15. Building Costs and Control
Why things end up Costing More
Sadly for us all involved in Construction, building cost prediction is not a science. We very rarely predict the exact cost of a building before construction commences. There’s an aspect of generally not being able to predict the future, but also that construction is acutely subject to the Fates.
All the TV programmes you see usually feature self-builders at the end of their tether raiding their pensions, their children’s piggy-banks and their relatives’ holiday funds. It makes for dramatic television. But it need not be an issue and in most cases, self-builds result in no or little over-spend.
That buildings that come-in at or around budget is not an accident, it is the result of tight planning and control of what occurs on site.
The average building paper-work is full of issues that can’t be accounted for in advance. Chief of these is the weather, but also there is litany of things that can get delayed or stuck in the supply side of the process. Such things might be finding out an old well or sewer whilst carrying out the groundworks; a breakdown of a delivery lorry, or more seriously, failure of a supplier to obtain the building products in time, causing delay; Materials might be damaged and need replacing or they might just not work.
The main source of conflict in running Building Contracts is caused by work that is not mentioned in the Contract Documents but becomes necessary as the project develops. The arguments between parties usually occur along the lines of whether the contractor could reasonably be assumed to understand what needs to be done or whether something developed that could not be reasonably anticipated. Whatever, somebody needs to pay for it and it becomes the Architect’s job to sort it out an attribute blame.
Delays also need to be paid for. If delay is caused by bad weather, its not the contractors fault and the client will have to pay for the works to run-over their schedule. If however, the contractor is at fault in the construction and causes a delay, he will be expected to cover those costs.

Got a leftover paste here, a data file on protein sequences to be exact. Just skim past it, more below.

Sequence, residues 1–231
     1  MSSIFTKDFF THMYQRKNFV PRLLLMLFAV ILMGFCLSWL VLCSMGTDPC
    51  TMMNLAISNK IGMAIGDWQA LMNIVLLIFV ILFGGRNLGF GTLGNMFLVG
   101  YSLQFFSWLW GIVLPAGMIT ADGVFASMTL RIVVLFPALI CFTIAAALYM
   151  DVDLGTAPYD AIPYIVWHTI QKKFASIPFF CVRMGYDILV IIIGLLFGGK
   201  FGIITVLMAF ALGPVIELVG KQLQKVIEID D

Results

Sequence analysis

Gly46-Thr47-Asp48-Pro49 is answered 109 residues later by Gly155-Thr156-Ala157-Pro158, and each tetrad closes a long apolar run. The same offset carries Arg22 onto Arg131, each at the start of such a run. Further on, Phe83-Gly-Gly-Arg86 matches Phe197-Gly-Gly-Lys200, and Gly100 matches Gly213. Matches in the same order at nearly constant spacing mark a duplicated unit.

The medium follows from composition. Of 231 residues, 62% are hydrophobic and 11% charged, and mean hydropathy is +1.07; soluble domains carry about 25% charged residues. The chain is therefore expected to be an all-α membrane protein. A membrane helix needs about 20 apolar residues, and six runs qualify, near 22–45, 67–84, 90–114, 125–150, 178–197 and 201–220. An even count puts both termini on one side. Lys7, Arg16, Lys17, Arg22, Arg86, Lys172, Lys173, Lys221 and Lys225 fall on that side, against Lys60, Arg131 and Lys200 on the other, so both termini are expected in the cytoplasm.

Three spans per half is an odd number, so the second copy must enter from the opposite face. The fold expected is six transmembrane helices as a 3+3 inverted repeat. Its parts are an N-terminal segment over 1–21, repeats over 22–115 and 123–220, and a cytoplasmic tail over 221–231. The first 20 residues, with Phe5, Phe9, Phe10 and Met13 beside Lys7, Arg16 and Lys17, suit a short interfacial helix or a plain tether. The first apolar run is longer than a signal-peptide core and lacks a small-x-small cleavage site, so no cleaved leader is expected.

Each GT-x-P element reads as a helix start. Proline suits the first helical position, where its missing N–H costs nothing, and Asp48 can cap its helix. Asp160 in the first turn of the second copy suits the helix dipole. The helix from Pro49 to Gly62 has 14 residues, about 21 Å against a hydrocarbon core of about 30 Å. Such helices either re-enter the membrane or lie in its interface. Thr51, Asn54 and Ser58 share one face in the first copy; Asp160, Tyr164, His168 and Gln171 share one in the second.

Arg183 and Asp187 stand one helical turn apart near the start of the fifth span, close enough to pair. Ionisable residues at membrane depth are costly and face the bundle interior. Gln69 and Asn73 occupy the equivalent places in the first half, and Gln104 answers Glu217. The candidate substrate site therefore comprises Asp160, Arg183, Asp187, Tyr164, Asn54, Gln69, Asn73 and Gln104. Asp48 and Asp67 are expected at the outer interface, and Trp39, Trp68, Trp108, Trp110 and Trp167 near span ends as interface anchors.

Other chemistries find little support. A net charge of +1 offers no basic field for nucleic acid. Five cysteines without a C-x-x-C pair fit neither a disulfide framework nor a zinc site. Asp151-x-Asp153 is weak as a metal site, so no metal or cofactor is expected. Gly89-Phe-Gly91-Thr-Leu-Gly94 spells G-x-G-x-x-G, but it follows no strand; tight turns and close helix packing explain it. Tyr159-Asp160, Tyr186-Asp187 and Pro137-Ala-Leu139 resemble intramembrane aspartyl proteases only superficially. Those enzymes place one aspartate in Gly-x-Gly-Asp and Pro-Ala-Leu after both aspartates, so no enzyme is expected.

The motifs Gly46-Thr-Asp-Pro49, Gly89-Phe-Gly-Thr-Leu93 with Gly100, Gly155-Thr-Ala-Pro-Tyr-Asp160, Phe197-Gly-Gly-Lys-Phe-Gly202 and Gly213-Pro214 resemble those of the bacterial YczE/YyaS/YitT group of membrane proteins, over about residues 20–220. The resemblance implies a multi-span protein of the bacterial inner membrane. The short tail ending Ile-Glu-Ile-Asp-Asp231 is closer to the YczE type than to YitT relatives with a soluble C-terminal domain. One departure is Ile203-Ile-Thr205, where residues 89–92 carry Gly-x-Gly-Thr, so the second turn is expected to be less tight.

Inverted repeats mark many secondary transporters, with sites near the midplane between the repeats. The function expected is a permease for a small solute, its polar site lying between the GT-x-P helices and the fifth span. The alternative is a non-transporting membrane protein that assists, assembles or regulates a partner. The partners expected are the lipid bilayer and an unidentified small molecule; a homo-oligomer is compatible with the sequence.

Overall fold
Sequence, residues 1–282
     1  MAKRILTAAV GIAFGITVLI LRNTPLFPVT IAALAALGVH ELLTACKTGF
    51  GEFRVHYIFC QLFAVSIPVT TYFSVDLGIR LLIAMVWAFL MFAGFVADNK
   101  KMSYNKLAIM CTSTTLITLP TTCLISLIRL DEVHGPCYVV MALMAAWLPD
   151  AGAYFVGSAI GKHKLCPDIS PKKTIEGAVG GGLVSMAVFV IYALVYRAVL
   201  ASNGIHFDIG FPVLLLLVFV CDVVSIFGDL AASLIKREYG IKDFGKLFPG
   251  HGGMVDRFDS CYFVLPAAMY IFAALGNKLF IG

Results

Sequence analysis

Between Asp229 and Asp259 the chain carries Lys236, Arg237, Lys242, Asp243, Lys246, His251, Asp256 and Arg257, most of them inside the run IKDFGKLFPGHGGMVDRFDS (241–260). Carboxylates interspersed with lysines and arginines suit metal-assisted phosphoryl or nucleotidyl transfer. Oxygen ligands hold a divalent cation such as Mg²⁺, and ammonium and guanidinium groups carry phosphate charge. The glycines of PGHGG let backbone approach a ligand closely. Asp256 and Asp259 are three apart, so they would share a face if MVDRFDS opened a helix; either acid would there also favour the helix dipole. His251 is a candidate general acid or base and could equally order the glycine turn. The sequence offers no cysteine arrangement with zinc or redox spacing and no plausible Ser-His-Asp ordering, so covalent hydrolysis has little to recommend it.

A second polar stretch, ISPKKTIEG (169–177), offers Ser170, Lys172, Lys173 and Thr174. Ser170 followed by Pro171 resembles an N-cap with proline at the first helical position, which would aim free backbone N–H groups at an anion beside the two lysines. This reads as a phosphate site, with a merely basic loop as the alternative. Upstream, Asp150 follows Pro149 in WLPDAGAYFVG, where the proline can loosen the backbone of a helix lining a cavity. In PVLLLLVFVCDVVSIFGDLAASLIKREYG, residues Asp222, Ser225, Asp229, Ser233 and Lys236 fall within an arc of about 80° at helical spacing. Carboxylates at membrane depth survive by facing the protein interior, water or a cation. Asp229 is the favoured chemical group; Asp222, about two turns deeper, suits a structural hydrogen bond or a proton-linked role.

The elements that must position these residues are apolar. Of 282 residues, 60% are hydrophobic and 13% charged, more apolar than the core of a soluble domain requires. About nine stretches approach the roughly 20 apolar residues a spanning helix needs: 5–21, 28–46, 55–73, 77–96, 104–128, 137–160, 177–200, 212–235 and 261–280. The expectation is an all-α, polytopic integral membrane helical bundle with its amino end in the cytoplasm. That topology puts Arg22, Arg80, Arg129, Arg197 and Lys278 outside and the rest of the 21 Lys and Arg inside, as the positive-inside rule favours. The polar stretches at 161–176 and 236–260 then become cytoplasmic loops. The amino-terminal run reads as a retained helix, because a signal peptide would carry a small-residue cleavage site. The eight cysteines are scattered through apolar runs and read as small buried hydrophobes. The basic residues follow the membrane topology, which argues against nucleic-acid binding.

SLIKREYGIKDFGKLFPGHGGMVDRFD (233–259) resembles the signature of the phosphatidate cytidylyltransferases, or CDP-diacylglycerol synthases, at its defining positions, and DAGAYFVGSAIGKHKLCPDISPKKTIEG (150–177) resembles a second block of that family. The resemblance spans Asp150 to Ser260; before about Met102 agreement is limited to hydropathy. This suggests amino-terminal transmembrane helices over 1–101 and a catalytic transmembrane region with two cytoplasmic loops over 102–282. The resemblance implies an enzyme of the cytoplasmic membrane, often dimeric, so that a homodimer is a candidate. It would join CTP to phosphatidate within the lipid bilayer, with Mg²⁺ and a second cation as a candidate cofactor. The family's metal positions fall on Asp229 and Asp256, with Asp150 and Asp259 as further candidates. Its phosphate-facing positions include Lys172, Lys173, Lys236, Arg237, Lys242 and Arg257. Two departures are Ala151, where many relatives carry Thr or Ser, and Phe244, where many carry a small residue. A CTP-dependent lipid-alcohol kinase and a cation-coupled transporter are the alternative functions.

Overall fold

The Courts are full of arguing parties involved in the Construction process - but more often because not enough care has been taken in the design or the anticipation of problems that might occur on site. A good relationship between the Client, the Architect and the Main Contractor, with frequent contact is an essential to the smooth running and tight cost control of the project.
Building Costs and the Control of those costs, whether in the mind or in practice, are the one big concern common to all building projects whether large or small, house or office block, private or government.
- Competitive Tendering is the big tool in your Cost Control toolbox
By having building Contractors compete for your building work, you will likely ensure that you are getting the best prices
A Tender is a bid to provide your house made by a Contractor in response to an invitation by you to tender
The Tender will be based on the Contract Documents (see above) that you supply the prospective Contractor for costing
To Tender with a good chance of a keenly priced outcome, it is usually best to invite at least 3 potential Contractors. (See ‘Finding a Green Contractor’ above)
Your Architect will be able to advise you on the most suitable of contractors
Once identified, you (or your architect/quantity surveyor) will send out a ‘Tender Package’ to each of the selected Contractors
- The same Tender Documents forming the Tender Package should be sent identically to the Contractors selected for Tendering. The Documents will likely include:
- A letter inviting the Contractor to Tender
- ‘Form of Tender’ - this is the document that the Contractor will return to you. As well as other details it will include the price that the Contractor proposes as well as the time he intends to take to do the works.
- ‘Contract’ - Details of your proposed form of Contract (see ‘The Building Contract’ above)
- ‘Preliminaries’ (referred to as the ‘Prelims’). The Preliminaries are not the works themselves, but the Contractors cost of doing the Works. They will usually include essential items like the builder’s profit and the cost of administration. The advantage of Prelims is that it helps identify the real construction costs in the rest of the documents.